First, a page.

CHICAGO—An increasingly popular technique for removing lesions associated with Barrett’s esophagus has been deemed a safe and effective treatment option in a study of more than 1,000 resections published this month in the European journal Endoscopy.¹ The five-year study performed by a team of experienced endoscopists, is the largest prospective series to date to examine the safety and efficacy of multiband mucosectomy (MBM), an endoscopic procedure that is a simple and fast treatment option for Barrett’s esophagus, a condition that can result from gastroesophageal reflux disease (GERD).
“This study is an important milestone, both for the patients undergoing these procedures and for the physicians who perform them,” said Dr. Jacques Bergman, MD, PhD, head of the Department of Endoscopy, lead author of the study and head of the esophageal research team at the Academic Medical Center in Amsterdam, Netherlands. “With more than 1,000 resections and no perforations despite the absence of submucosal lifting, the conclusions of the five-year study support this technique as an effective option for treating these potentially cancerous lesions.”
In patients with Barrett’s esophagus, abnormal changes (lesions) occur in the tissue lining the esophagus. The condition frequently occurs in patients with GERD, in which the contents of the stomach, including digestive acids, rise into the esophagus. Barrett’s esophagus can lead to a rare but deadly form of esophageal cancer, so physicians will typically recommend that patients with GERD undergo an endoscopic examination to identify and biopsy any lesions.²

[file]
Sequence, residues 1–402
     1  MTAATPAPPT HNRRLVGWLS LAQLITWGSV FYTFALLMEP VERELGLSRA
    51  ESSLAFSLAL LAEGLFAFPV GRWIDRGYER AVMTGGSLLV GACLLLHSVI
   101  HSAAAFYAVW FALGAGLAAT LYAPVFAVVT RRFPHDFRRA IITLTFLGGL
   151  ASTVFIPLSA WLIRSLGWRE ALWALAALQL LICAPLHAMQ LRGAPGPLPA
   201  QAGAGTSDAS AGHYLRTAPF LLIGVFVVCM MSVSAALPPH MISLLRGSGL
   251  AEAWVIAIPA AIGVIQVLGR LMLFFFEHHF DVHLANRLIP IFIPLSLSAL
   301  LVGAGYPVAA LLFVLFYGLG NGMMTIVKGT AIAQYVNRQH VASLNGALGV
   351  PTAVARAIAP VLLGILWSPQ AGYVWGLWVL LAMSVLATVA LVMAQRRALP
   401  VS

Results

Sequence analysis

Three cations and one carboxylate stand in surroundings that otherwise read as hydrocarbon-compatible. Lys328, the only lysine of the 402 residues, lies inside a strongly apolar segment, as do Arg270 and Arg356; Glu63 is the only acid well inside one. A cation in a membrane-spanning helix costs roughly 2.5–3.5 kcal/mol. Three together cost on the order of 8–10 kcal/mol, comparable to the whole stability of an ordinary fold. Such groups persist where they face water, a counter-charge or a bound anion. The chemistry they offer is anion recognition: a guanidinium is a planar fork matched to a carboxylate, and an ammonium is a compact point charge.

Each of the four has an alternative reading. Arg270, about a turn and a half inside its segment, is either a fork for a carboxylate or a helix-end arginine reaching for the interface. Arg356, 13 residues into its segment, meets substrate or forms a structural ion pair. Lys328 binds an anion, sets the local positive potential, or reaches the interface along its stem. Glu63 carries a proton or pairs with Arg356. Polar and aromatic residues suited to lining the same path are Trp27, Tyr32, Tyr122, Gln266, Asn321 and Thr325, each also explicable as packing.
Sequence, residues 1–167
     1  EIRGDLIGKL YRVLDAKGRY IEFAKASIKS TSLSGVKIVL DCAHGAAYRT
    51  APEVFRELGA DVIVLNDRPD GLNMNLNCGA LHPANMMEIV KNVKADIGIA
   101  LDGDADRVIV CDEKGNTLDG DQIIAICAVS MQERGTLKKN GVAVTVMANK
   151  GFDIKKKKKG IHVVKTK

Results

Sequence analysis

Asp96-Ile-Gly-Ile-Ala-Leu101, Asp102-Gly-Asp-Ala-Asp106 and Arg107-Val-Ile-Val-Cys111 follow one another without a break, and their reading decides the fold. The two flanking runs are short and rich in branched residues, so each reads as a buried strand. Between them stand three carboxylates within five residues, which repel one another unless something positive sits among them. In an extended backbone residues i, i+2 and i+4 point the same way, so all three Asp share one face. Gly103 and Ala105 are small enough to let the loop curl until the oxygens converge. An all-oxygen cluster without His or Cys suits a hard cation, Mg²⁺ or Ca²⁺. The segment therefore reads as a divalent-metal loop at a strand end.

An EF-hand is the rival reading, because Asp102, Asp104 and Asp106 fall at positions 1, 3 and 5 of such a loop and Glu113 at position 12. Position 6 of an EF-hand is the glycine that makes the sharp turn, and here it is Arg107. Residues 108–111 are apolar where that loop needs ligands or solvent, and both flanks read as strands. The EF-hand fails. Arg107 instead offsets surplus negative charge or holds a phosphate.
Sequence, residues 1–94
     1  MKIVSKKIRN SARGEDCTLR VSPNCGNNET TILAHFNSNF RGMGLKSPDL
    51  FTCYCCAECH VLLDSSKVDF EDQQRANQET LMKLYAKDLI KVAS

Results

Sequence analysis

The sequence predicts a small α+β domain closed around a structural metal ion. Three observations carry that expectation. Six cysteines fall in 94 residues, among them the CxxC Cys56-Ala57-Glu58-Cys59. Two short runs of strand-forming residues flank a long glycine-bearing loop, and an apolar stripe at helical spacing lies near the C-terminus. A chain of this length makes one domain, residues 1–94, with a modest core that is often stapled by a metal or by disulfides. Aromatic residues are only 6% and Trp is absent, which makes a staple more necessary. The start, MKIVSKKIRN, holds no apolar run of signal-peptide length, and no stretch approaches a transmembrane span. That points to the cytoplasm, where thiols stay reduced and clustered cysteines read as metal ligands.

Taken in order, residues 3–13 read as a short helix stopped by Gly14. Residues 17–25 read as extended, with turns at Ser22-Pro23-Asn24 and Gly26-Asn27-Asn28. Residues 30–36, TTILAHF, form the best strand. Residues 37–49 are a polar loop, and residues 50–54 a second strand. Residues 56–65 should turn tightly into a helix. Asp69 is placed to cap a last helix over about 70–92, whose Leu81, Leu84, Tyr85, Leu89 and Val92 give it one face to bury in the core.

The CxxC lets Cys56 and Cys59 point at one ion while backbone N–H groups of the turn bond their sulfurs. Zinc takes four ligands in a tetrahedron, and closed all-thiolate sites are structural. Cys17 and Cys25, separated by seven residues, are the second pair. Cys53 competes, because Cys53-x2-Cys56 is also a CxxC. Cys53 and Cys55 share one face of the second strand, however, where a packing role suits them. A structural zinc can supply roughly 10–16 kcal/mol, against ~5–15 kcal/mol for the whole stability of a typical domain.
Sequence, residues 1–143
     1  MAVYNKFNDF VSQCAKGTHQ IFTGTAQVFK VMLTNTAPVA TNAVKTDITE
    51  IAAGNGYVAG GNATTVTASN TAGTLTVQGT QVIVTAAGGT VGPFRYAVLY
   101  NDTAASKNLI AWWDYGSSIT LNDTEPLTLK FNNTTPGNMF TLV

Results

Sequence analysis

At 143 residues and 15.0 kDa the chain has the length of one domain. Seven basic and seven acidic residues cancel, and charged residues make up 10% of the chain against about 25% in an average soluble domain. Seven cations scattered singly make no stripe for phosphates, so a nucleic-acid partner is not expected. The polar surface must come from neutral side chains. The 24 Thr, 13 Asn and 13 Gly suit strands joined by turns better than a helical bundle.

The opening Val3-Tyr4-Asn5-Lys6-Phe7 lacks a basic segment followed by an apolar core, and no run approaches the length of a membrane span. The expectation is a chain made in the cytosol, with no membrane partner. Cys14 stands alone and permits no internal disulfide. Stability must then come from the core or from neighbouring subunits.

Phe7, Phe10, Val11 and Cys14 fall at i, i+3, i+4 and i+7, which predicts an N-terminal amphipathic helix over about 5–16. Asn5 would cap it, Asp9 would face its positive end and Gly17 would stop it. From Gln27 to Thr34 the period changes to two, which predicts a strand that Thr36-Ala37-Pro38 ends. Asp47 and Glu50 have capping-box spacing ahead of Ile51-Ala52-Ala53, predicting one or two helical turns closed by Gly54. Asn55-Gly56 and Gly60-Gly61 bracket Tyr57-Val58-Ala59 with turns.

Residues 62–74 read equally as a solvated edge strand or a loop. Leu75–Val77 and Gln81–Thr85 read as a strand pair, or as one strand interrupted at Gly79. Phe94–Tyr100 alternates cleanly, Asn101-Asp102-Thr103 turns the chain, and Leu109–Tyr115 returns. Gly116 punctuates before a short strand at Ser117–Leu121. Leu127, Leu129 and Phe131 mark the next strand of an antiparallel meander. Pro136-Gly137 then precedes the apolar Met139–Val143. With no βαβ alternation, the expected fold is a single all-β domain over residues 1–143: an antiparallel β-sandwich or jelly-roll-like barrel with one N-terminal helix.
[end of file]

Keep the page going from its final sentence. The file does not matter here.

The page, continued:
Lesions are removed in a procedure known as resection. The most widely used procedure is complicated and time-consuming and involves lifting the affected area with an injection of fluid. MBM allows for a procedure with fewer steps. In the MBM procedure, the abnormal mucosa is suctioned into a cap and a rubber band is released around it, creating a polyp-like bulge of tissue that is then easily resected by encircling the base with a specially configured snare. No submucosal lifting is required.